Shinshinto, the largest opposition party, called for new legislation to deal with security-related emergencies in a set of plans announced June 10 to prepare the country for the 21st century.
The proposal says Japan should make legal preparations for emergencies so it won’t have to resort to measures beyond the law. The proposal, which says the nation should not have the right to collective defense nor expand its right to individual defense, calls for respecting the activities of the United Nations and the Japan-U.S. security arrangement to promote and maintain world peace.
To promote administrative reform, the current 22 government ministries and agencies should gradually be integrated into 10, and government-affiliated special corporations should, in principle, be abolished within three years, the plan said. To improve local government autonomy, the current 3,232 municipalities, whose populations vary between more than 3 million and several hundred, should be reorganized into 300 municipalities.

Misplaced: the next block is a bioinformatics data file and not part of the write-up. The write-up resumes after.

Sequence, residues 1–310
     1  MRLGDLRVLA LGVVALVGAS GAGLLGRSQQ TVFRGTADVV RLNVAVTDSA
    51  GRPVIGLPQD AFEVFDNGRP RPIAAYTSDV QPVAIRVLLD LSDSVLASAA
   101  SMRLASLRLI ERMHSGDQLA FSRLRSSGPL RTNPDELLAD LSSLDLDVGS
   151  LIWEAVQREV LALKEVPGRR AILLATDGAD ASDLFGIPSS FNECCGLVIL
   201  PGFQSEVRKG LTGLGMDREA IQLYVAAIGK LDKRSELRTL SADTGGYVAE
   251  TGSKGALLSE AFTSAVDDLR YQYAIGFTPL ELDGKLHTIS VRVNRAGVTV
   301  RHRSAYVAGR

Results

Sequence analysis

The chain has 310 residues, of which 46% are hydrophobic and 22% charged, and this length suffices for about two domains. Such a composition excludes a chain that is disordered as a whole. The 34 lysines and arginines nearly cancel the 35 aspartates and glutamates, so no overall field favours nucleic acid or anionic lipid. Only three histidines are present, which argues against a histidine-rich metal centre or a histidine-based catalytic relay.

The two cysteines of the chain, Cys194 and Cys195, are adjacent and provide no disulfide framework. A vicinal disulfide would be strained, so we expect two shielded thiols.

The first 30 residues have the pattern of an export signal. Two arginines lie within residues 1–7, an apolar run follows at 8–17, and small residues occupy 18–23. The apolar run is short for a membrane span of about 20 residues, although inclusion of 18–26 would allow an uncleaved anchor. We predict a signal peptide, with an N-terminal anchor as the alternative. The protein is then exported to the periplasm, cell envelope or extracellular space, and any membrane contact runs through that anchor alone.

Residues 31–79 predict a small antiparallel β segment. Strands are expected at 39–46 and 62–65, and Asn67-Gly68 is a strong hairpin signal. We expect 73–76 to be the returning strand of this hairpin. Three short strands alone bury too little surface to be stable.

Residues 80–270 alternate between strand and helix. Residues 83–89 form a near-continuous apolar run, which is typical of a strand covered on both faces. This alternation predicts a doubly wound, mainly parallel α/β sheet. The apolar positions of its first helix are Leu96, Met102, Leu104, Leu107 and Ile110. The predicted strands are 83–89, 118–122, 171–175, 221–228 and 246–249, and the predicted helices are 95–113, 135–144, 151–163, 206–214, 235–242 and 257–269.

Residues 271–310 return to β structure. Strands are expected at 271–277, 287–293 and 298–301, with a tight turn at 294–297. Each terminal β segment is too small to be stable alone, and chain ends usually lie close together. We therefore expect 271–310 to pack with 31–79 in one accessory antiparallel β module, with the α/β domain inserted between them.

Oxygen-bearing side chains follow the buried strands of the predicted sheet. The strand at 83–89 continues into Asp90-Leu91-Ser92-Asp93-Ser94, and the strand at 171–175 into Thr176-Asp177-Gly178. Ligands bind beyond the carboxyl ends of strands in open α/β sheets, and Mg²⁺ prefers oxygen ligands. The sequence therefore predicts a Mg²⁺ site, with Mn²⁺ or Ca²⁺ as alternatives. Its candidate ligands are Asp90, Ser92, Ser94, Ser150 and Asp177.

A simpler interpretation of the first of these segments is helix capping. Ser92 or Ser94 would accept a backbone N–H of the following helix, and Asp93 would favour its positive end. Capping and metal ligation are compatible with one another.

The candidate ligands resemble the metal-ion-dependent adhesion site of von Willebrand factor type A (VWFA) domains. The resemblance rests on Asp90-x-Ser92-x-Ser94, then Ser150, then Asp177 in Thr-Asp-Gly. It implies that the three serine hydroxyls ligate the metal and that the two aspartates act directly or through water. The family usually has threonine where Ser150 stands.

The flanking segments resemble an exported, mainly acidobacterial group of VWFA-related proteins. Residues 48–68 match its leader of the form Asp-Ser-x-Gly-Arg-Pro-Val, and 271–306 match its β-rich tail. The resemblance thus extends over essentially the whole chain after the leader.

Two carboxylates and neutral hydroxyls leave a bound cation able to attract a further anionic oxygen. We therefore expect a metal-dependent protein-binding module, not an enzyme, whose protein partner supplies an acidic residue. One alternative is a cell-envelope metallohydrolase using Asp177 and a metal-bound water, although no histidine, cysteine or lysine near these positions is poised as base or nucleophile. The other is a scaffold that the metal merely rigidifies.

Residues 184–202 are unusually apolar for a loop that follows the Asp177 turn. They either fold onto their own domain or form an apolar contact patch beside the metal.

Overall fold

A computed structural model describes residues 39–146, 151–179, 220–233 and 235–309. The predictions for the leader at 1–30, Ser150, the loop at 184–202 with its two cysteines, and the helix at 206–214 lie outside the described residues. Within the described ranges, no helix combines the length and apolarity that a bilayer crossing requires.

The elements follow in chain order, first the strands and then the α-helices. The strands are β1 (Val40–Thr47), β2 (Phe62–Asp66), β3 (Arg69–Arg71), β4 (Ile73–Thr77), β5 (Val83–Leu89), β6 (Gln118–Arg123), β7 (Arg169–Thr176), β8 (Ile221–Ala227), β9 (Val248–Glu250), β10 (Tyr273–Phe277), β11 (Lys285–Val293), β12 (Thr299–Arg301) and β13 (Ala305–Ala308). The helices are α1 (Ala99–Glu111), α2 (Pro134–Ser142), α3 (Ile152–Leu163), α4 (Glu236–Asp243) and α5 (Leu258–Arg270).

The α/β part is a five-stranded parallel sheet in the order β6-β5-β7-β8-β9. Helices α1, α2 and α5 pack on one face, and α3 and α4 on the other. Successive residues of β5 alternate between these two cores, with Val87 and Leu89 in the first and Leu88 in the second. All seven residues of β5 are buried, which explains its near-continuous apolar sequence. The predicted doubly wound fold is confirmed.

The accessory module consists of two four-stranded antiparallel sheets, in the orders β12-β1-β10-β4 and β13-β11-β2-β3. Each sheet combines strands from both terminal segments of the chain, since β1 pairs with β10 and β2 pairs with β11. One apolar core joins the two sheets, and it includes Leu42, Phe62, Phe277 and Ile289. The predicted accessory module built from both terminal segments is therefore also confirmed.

In drafting the plan, Shinshinto discarded one of its policy pledges — tax cuts worth 18 trillion yen — made during the general election last October. Although it was initiated by party President Ichiro Ozawa, the tax cut pledge had been unpopular even within the party because it was considered unrealistic.